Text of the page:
Top Headlines 7/15

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Child Welfare

A Michigan judge may slow down the timeline on court-ordered reform of the state’s child welfare system, reports Robin Erb of the  Detroit Free Press. Erb quotes youth advocate Jack Kresnak as saying the benchmarks on reform are impossible to reach quickly for a state still weathering a financial crisis.

Removing obese children from their parents would be an assault on liberty, opines the editorial board of the Journal Courier in Indiana.

A child welfare worker for the State of Oklahoma took his own life this week, reports Ann Kelley of The Oklahoman. Donald Wheeler, 64, was tasked with investigating cases in which children involved with the state’s system died.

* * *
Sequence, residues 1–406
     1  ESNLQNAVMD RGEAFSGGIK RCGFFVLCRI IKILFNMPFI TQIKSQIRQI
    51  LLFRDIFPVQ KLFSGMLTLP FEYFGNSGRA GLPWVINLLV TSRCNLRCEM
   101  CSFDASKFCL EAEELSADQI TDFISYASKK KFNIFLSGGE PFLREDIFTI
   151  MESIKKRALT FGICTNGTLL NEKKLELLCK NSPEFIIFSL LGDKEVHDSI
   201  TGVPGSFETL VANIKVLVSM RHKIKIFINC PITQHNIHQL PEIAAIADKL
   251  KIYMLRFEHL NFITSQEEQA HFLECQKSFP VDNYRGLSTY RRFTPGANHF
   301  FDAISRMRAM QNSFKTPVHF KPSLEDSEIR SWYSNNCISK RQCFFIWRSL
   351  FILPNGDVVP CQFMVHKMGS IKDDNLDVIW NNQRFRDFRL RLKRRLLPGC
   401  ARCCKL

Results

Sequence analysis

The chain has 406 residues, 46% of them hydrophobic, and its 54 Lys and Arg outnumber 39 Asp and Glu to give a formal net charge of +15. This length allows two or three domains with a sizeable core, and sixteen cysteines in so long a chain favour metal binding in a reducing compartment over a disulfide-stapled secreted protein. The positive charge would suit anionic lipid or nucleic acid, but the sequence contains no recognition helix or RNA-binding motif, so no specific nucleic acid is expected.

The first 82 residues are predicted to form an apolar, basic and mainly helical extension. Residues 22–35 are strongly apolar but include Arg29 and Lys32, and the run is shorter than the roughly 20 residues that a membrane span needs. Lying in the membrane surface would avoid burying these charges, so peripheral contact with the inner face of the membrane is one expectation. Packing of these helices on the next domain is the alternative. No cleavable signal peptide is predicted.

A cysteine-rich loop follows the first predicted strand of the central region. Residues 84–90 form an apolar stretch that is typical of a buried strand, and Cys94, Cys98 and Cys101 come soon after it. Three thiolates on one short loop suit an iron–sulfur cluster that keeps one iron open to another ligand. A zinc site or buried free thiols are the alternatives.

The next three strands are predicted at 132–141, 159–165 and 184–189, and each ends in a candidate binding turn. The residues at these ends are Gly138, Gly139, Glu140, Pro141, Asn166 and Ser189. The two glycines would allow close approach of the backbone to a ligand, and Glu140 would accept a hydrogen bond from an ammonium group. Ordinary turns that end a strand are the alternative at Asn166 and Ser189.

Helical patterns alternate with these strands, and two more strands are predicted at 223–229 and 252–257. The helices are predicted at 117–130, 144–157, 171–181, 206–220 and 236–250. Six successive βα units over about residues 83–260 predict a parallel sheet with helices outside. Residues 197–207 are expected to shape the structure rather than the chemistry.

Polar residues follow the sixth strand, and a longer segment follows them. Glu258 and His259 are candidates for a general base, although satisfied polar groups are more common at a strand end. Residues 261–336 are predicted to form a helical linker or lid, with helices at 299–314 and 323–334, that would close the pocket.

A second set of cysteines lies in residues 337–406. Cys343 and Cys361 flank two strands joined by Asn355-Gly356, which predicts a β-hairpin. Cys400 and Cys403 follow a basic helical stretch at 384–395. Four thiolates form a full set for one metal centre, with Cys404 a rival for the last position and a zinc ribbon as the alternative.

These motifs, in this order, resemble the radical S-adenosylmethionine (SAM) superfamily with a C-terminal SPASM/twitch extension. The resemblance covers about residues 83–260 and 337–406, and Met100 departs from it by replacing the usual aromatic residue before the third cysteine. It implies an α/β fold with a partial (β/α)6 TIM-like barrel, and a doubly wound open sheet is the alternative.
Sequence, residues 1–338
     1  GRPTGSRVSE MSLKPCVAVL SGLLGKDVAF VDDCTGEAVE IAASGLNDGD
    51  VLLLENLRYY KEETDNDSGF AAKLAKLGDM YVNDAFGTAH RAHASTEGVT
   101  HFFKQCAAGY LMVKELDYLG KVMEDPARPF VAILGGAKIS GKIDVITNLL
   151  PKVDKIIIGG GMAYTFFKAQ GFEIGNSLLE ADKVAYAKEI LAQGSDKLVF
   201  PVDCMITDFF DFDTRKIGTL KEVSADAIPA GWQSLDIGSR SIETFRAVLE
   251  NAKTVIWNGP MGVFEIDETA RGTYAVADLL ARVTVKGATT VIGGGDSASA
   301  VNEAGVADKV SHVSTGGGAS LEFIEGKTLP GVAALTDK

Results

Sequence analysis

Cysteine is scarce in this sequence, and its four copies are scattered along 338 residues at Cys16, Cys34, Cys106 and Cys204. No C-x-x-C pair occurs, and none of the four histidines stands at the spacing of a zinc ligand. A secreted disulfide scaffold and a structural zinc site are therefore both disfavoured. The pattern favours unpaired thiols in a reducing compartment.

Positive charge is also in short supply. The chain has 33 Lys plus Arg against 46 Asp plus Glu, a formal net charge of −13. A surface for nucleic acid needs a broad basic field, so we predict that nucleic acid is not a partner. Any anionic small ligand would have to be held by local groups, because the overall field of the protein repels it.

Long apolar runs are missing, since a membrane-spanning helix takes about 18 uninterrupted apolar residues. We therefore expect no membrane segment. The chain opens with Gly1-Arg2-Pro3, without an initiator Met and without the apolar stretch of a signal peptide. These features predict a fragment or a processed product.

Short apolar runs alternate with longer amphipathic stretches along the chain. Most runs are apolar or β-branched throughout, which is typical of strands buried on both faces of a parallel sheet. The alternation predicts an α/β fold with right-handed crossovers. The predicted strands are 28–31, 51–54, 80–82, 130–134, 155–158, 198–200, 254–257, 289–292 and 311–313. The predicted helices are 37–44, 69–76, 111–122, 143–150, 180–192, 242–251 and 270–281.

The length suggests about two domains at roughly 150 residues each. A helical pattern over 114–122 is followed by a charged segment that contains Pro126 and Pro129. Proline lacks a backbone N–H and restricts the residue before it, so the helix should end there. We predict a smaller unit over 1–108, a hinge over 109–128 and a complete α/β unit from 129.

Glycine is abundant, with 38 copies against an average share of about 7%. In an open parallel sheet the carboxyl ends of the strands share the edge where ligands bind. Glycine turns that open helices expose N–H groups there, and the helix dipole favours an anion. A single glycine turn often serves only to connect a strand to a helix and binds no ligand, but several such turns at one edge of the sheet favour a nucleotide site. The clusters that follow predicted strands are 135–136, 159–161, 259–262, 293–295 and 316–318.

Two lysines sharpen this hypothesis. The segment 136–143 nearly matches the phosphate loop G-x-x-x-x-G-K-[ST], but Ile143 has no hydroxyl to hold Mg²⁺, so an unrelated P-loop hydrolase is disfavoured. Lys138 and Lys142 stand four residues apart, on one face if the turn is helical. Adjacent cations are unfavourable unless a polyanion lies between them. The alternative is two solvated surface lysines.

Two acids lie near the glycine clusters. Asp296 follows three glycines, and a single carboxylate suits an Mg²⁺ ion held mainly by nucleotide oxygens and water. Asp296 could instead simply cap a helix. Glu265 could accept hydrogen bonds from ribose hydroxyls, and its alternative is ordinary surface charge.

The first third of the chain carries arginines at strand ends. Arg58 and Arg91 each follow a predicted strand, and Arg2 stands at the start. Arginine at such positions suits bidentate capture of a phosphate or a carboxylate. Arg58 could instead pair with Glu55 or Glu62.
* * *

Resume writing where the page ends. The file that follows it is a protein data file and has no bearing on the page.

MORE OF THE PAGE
Danielle Wright of BET. Com reports on a California law that would compel charter schools to reflect the demographics of the neighborhood it serves.

Forbes blogger James Marshall Crotty reports on a federal judge’s recent ruling that a group of students, who felt duped by the for-profit college they attended in Colorado, had no standing to bring a class action lawsuit.

Douglas Holtz-Eakin of the National Review argues that the Obama administration’s gainful employment regulations “sentence millions of Americans to a lifetime of underemployment.”

Juvenile Justice

Illinois Gov. Pat Quinn’s plan to place his juvenile justice system under the control of his child welfare agency has been put on hold for the time being, reports Sam Hudzik, writing on the website of radio station WBEZ. The concept drew opposition from unions and some key lawmakers.